NIC math instructor trains, shows dogs in agility competitions
One would never know it judging by their modest lifestyle, but the Davis family shares its home with celebrities.
Three national champions, two-time world silver medalists and international competitors well known for their performance, attractiveness and fitness level.
But North Idaho College Math Instructor Barbara Davis doesn’t live among the ranks of professional athletes or Olympic competitors, she breeds, trains and competes with dogs in national and international dog agility competitions.
“I’ve been showing dogs for about 35 years,” Davis said. “This is a huge part of my life.”
|photo1|Davis’ family life centers around the relatively new sport of dog agility, which entails obstacle courses of jumps, ramps, tunnels and chutes that the dogs must complete error free and in the fastest time under the command of their trainers.
Davis owns six dogs, shelties P.J., Pistol, Aspen, Shimmer and Rock-It and a border collie named Zest, all of which have competed in regional trials and national dog agility competitions with Davis. Rock-It is the youngest at 2.5 years old and his father Shimmer, is the oldest at 10.5 years.
“What I enjoy the most is how much dogs love it,” Davis said. “They begin to know it and expect it and actually get upset when you’re not working with them.”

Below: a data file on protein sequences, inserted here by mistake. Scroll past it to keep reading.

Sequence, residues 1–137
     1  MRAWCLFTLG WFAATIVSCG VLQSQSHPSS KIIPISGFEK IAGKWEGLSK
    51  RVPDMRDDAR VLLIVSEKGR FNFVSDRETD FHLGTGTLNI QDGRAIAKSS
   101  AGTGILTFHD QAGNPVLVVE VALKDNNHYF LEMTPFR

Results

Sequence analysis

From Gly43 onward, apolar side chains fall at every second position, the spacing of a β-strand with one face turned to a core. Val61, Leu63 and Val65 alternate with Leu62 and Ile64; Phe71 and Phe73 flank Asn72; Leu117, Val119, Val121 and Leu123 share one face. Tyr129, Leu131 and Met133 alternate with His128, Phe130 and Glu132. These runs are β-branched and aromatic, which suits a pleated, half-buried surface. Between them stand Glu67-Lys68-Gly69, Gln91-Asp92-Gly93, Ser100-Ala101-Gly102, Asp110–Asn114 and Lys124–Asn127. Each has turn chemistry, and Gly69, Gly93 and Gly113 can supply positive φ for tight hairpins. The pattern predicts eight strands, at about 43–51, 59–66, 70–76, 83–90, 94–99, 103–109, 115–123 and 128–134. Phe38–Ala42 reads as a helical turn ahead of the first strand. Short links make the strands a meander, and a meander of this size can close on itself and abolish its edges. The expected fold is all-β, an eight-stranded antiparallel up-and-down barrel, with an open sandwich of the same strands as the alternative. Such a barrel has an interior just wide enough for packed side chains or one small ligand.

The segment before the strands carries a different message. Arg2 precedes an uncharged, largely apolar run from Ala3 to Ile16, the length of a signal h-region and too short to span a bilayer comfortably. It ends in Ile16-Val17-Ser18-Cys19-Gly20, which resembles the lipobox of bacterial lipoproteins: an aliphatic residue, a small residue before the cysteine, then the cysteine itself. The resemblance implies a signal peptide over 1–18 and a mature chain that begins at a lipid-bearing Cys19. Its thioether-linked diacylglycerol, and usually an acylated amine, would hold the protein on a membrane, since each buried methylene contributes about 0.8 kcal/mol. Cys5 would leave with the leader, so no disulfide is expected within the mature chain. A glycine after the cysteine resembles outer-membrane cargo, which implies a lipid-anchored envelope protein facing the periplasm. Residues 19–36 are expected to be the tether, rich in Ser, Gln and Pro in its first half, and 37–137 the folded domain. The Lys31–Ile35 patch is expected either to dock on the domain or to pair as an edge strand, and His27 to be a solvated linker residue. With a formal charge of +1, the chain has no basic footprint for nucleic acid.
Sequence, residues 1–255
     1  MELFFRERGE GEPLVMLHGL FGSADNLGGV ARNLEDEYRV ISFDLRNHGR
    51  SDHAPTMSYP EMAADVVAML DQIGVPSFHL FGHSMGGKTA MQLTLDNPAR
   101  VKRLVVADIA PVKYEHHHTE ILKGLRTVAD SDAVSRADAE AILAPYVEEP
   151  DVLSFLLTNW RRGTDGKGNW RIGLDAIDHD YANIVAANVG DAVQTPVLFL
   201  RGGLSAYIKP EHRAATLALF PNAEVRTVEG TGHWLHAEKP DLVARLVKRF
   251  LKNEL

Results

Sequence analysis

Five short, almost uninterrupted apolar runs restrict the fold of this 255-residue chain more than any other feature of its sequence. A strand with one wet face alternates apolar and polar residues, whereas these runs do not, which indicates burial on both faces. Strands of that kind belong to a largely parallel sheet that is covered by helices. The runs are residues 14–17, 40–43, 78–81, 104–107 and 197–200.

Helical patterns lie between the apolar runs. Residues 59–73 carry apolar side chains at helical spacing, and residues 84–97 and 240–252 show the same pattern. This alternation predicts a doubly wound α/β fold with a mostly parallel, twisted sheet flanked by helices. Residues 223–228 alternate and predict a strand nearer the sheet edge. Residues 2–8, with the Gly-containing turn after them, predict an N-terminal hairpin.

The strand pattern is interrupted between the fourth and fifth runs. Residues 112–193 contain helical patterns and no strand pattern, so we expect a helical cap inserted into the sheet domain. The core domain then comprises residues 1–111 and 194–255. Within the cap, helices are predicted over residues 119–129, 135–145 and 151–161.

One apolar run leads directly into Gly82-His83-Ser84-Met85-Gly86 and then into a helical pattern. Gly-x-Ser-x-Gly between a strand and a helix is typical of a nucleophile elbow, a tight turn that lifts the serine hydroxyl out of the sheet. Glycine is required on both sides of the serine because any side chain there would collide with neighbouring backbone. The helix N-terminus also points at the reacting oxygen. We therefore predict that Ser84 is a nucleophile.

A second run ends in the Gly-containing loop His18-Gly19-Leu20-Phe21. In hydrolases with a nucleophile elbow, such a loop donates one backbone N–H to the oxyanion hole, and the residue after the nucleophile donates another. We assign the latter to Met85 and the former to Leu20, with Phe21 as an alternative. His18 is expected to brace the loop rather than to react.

Shimmer won the United States Dog Agility Association (USDAA) National Championships in 1999 and has been on the USA Agility World Team five times, bringing home two team silver medals and eighth place in the individual competition.
P.J. won the USDAA Championships in 2002 and now young Rock-It has made his presence known.
|photo2|Recently at the American Kennel Club’s National Agility Championship in Tampa, Fla., the winning tradition continued. Davis was the only competitor to have three of her dogs make it into the finals. Shimmer placed eighth and P.J. placed sixth in the 16-inch jumping division. Young Rock-It won the 12-inch division, becoming a national champion.
“I was thrilled,” Davis said. “To have already become a national champion at such a young age is very unusual. But I wasn’t surprised. He is a high-energy, highly-focused dog and he was just running superb all weekend. I was so proud that he held it all together for that last important final run. TV crews, bright lights and stands packed with fans create a lot of pressure for both myself and my dog. But we both stayed focused and put down a winning run. It was just great.”
Dog agility is a family affair for the Davis’. When not competing in trials for various competitions throughout the nation, Davis is teaching dog agility throughout the northwest or supporting her husband Jeff’s side business venture of building dog agility equipment.
“The dogs are like our kids,” Davis said, adding that the training and competing element of dog agility creates a relationship between dog and trainer that isn’t found with ordinary pets and owners. “Training and competing forges a special bond between dog and trainer and I cherish that.
“I’m very proud of my dogs,” Davis added. “The funny thing is that they start to develop an aura about them that shows that they know they are champions. They begin to get a little cocky, but it’s all a part of the competitor in the dog.”
The American Kennel Club National Agility Championships in which Davis had three dogs make it to the finals will air at 8 p.m. Eastern Standard Time Sunday, Feb. 12 on Animal Planet. The show may air at 5 p.m. or 8 p.m. locally, so check local listings.For More Information
NIC Math Instructor Barb Davis, (208) 676-2018Posted: Monday, Feb. 6, 2006